In this blog Dr Rob Pluke considers the impact of on-line leaning on teenagers while providing techniques to improve their mental health and bolster your certainty as a parent.
Young people tell me that life under lockdown is ‘weird’. What I think they mean is, they’ve been at home, on holiday, and yet things just don’t feel the same. There’s the appearance of normality. You’re in your lounge watching TV. And yet you can’t escape the nagging apprehension that danger is gathering at your gate. The world out there has a new edge to it. Even a trip to the shops is different. People seem more suspicious, harried, and unfriendly.
What does this mean for our teenagers? They may feel the following:
- Disorientated – Since school is a large part of their world, they may feel disoriented and life/work/goals may even seem pointless.
- Down – The loss of things they’ve been looking forward to, could bring on low mood and feelings of emptiness (they may find their mood swings up and down).
- Bored – Few teenagers would choose to stay at home with their parents, without seeing friends, for 35 days straight.
- Tired – They may feel less energetic than usual. On-line work is draining. I suspect that all of us (not just students) will find we can’t do as much online as when things are normal. In addition, just dealing with the emotions of the current situation will often lead us to feel exhausted, despite being less active.
- Irritated – Teenagers may display grumpiness when they’re actually down or worried (also see Bored).
- Worried –Anxiety can come in waves as the abnormal keeps rupturing the normal.
“Few teenagers would choose to stay at home with their parents, without seeing friends, for 35 days straight.”Tweet
Of course, your child is their own person, and they may not be able to relate to many or any of the above. But I’ve not yet spoken to a young person who isn’t feeling at least a little bit unsettled, worried, and sad. You can use the tools below to help your teen, some of which are examples of real time resilience that can be used in the moment with ‘real time’ results.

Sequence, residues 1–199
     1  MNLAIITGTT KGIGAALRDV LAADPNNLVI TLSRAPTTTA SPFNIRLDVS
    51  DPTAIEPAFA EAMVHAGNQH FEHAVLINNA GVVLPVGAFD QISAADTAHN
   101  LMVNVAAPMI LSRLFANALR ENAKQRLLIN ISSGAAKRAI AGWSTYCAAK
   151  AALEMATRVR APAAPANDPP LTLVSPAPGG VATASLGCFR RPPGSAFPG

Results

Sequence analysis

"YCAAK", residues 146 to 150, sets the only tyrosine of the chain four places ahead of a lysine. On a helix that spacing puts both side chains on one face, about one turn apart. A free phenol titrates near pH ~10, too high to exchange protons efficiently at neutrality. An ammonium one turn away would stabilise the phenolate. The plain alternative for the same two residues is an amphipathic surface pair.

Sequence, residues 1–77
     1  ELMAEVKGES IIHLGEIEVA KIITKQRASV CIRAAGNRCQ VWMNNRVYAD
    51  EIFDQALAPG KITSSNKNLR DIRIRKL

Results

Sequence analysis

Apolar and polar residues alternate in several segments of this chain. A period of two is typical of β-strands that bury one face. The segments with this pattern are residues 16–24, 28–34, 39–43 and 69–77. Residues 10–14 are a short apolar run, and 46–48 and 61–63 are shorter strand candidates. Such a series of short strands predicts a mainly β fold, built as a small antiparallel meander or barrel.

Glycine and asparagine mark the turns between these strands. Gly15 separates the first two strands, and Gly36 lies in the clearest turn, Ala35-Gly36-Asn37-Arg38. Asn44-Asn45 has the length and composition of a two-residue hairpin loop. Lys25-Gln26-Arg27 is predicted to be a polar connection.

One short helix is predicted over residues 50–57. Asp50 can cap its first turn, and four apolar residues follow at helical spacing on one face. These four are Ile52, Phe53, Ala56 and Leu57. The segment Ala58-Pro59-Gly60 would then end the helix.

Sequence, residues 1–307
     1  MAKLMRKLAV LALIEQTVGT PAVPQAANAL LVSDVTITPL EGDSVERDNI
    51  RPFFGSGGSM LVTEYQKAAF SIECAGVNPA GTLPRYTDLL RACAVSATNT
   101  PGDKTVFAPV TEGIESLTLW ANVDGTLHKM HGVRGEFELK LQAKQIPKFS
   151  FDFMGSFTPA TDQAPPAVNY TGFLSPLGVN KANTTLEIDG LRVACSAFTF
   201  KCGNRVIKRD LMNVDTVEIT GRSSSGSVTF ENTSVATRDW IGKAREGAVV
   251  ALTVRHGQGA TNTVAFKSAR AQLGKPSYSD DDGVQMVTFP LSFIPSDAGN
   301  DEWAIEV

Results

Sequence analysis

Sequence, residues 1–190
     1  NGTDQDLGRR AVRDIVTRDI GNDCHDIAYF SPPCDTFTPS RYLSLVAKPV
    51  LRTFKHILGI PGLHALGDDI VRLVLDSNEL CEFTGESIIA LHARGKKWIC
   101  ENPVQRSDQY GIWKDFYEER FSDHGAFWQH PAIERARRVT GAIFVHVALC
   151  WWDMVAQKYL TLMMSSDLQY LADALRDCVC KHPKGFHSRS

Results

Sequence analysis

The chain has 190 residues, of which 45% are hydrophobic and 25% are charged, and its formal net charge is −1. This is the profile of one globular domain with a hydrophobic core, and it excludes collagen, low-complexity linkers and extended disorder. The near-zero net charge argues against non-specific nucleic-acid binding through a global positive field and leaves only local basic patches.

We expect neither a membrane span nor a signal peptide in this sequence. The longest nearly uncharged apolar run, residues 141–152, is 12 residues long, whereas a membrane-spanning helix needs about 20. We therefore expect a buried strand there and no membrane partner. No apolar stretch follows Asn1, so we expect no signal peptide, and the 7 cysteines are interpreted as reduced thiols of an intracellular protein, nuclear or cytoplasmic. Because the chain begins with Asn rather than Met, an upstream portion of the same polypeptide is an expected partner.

Label emotions – We all carry our own internal mix of horrible. What matters is that we make space to share our emotional experiences with each other. This helps to normalise our distress. A named emotion is much less noxious than an unnamed emotion. Unnamed emotions tend to affect everyone in the family anyway. I’m no immunologist, but I reckon fear can be as contagious as a virus.
Accept feelings – Acknowledge how your child feels, whatever that may be. There is no right way to feel. Feelings are like the weather. Some days simply aren’t great. The question is, what are we going to do on those days?
Realistic positivity – As point two implies, whilst we can’t really control our feelings, we have (even under lockdown) some control of our thoughts and actions. Encourage your son or daughter to develop realistic positive ways of thinking that allows them to vent when they need to, even as they get on with the task at hand. Realistic positivity says, “I think my hockey season could be over, but at least I have time to work on my fitness”. Realistic positivity accepts the bad that we can’t control and helps us to focus on the good that we can control.
Savouring – Study after study confirms the profound benefits of appreciating what we have and expressing gratitude, especially when times are tough. Linked to this is the delicate art of savouring. Everyone in the family can practice savouring that cup of coffee, sunset, or moment of real family connection.
Observe thinking – Stepping back to look at our thoughts objectively is a great skill to have. Thoughts can take us down the ‘rabbit hole’, especially at night when we’re more inclined to worry. If your teenager can observe their thoughts (think of it like watching traffic on the side of a freeway) then perhaps they can re-route ‘anxious thoughts’ towards more realistic positive and grateful thinking patterns. Apps like Headspace are fantastic tools for learning these skills.
Connect – Your son or daughter needs their friends. At this most social stage of their life a lack of opportunity to socialise is challenging. Allow the space, privacy, time, and technology to maintain relationships outside of the family. They need to feel they are in this with their friends.
Exercise – Exercise, in some studies, has been shown to be as effective as medication, therapy and even a combination of the two, when it comes to dealing with stress. Whatever the veracity of these results we know that exercise is essential. If you’re looking for somewhere to start check out Freeletics or Thenx .
Of course, what’s good for the goose is good for the gander so see if you can develop your skills in some of these areas. Even the exercise.
Dr Rob Pluke is a psychologist and author. His latest book, ‘A son to be proud of‘ is available on Amazon.